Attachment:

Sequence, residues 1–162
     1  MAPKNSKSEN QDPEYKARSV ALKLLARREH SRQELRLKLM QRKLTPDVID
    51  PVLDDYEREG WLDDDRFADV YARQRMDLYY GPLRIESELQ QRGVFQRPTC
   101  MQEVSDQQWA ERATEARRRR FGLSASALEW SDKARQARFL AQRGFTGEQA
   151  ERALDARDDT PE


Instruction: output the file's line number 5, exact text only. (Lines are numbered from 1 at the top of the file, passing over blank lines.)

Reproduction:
   151  ERALDARDDT PE